(a) Schematic illustration of coupling of ReCLIP and in vitro ubiquitination to identify UPR-linked binding partners with TDP-43. First, recombinant TDP-43-FLAG proteins were incubated with S100T cell lysates potentially containing all components necessary for ubiquitination from HEK293A cells, followed by further reaction with the disulfide cross-linker DSP. After immunoprecipitation using anti-FLAG affinity gel, disulfide-linked proteins were released under mild reducing conditions. The eluates were analyzed by mass spectrometry. (b) In vivo pull-down assay of lysates from HeLa cells that were transfected with wild type (WT) TDP-43-GFP, TDP-43-GFP mutant with defective NLS (mNLS), and FLAG-CUL2, immunoprecipitated with anti-FLAG (left) or anti-GFP (right) affinity beads, and analyzed by Western blotting using anti-GFP or anti-FLAG antibodies, respectively. (c) Interaction of TDP-43 with VHL. Similarly, HEK293A cell lysates transfected with HA-VHL were immunoprecipitated with anti-HA affinity beads and immunoblotted for endogenous CUL2, elongin B, elongin C, and TDP-43. (d) The interaction between overexpressed TDP-43 and VHL was also shown by immunodetection of HA-VHL with immunoprecipitated TDP-43-FLAG. Lactacystin promoted binding of HA-VHL and TDP-43-FLAG. (e–p) Confocal laser micrographs of HEK293A cells expressing TDP-43-EGFP (as green) and HA-VHL (a–g, h–j) or Myc-CUL2 (k–m, n–p) 48 h after transfection. DAPI was used for counterstaining (blue). Occasional cytosolic inclusion of overexpressed WT TDP-43 colocalized with VHL (h–j) or CUL2 (n–p). Scale bar, 50 μm.

VHL preferentially recognizes misfolded forms of TDP-43

Based on the finding that VHL and CUL2 colocalize with cytosolic inclusions of TDP-43, we investigated whether VHL/CUL2 recognizes misfolded forms of TDP-43 more than normally folded TDP-43. We previously reported that the conformation of TDP-43 is tightly regulated by two cysteine residues in RRM1, the substitution of which (C173S and/or C175S) leads to formation of aggregate-prone TDP-43 that shares diverse features of pathogenic inclusions in ALS11. Confocal laser microscope analysis of HEK293A cells overexpressing VHL and TDP-43 with cysteine substitution(s) to serine (C/S) showed that the majority of TDP-43 inclusions were immunopositive for VHL, polyubiquitin at K48 (Fig. 2a–d for C175S, e-h for C173S/C175S), and endogenous VHL (Fig. 2i–l, Supplementary Figure S1, i-p). An immunoprecipitation study also showed a significantly higher affinity of VHL for the C175S mutant than WT in co-transfected cell lysates (Fig. 2m,n). Moreover, treatment with paraquat, which induces stress granules22, revealed that more VHL was pulled down with TDP-43 under stress conditions (Fig. 2o,p). Similar to VHL, CUL2 was present within the cytosolic inclusions comprising aggregate-prone C/S mutant TDP-43 in HeLa cells (Supplementary Fig. S4, i-l).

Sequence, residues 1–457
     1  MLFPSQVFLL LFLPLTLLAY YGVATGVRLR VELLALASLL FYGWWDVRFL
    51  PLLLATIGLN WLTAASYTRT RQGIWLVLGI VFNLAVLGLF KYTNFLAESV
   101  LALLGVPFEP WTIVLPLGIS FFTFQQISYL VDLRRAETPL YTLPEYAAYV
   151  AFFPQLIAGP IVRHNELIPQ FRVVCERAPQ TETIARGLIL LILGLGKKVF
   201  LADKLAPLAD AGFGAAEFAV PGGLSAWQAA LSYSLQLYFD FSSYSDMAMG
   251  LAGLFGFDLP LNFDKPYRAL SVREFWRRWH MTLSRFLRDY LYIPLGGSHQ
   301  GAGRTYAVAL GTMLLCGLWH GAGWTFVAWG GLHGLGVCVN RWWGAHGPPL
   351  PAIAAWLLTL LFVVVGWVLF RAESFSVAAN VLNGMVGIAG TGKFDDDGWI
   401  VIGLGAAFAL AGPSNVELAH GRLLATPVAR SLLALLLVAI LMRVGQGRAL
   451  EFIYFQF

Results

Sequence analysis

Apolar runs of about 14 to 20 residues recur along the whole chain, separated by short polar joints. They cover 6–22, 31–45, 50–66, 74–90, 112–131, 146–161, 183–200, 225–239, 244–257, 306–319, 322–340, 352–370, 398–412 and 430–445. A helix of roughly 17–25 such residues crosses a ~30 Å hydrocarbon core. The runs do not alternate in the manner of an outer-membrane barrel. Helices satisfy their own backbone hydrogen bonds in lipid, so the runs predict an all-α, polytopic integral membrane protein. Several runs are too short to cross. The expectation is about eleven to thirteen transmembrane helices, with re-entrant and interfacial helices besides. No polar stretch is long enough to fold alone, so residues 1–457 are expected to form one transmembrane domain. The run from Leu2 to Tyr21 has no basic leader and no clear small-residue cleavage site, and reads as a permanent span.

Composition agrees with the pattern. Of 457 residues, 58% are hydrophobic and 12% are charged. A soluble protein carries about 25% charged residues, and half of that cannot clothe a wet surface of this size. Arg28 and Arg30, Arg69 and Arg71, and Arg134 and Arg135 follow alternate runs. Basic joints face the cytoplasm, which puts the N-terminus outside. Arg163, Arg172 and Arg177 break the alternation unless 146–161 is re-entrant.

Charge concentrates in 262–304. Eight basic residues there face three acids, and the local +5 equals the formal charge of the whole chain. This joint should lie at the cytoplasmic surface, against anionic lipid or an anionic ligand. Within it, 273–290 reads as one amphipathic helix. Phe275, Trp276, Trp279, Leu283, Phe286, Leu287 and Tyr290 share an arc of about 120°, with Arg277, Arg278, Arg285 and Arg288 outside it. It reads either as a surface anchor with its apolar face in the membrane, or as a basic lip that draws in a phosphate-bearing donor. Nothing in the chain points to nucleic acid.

Figure 2: Effects of TDP-43 conformation on the interaction with the VHL/CUL2 complex.
Figure 2